Twitter becoming essential tool for docs
Twitter will soon be an essential tool for medical practices according to a poll conducted by Case Western University, an independent research university in Cleveland.
Fifty-nine percent of those who participated in the poll voted "yes" that Twitter would become an integral part of the way doctors communicate with patients and other medical professionals.
Although more doctors may be using the service, they are not necessarily using it to give patients advice.
"I was a clinical assistant professor of medicine at CWRU until 2008, and I think it is great that the university community shows an active interest in social media services such as Twitter... That said, I am yet to ask medical questions on Twitter and generally do not answer clinical queries from patients there," said Ves Dimov, MD, founder of ClinicalCases.org, an online case-based curriculum of clinical medicine, in a blog.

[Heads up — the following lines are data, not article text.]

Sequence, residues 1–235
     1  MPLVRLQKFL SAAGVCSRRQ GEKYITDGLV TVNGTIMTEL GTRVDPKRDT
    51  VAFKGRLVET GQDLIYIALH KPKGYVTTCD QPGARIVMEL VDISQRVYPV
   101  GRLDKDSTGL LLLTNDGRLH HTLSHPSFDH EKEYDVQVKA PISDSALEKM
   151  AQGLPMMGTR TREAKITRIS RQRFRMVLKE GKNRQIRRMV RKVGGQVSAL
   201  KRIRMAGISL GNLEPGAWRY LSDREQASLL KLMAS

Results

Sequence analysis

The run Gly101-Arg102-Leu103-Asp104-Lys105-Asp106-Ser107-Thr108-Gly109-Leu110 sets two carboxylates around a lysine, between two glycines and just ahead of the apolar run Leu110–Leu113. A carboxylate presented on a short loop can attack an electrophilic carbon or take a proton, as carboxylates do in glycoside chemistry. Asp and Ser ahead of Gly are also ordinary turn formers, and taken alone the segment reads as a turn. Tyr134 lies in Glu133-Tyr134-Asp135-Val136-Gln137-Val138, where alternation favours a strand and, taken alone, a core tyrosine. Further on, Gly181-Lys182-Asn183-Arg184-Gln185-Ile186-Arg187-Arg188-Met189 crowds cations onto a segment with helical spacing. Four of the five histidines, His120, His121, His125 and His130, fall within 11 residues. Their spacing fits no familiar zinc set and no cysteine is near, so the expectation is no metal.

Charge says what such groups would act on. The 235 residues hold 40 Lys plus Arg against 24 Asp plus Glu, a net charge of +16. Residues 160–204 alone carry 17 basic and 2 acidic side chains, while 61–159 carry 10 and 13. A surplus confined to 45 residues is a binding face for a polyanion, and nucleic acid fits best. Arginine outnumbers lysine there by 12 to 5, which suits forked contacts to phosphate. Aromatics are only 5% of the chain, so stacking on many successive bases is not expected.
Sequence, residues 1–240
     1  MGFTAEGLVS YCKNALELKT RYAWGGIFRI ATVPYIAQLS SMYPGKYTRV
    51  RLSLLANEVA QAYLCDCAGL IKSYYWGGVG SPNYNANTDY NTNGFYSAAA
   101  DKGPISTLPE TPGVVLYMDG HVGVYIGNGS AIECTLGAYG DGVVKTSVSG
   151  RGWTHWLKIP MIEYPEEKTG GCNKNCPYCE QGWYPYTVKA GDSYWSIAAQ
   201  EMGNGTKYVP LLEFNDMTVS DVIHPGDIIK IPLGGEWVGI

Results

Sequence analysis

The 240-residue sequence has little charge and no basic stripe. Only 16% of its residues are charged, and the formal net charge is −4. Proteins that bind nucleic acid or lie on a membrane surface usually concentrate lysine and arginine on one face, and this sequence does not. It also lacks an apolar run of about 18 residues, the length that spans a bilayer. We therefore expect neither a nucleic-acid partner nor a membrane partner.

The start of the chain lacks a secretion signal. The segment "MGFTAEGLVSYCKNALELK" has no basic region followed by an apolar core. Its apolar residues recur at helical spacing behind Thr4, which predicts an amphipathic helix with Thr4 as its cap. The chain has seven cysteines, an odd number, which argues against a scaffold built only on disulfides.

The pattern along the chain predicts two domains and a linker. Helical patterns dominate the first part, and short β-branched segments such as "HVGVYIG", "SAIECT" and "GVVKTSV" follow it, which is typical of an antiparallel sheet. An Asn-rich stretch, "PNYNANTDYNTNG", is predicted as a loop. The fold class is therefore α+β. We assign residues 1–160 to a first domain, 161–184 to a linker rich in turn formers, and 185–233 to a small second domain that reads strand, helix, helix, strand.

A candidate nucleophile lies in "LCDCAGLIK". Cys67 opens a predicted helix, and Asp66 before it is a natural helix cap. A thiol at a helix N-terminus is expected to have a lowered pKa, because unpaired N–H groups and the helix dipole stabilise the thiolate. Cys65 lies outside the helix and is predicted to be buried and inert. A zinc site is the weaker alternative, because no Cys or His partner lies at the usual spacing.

Doctors don't generally use Twitter to give medical advice but to guide the public to reputable sources of information or share breaking medical news, said Kevin Pho, MD, in a post on his medical blog, KevinMD.com
Pho conducted a similar poll in Aug. 2009, asking medical professionals how they used Twitter. He found that about 45 percent did not use the service at all. Thirty-six percent said they used it to share and keep up with news and information and only 1.5 percent said they used it to connect with patients.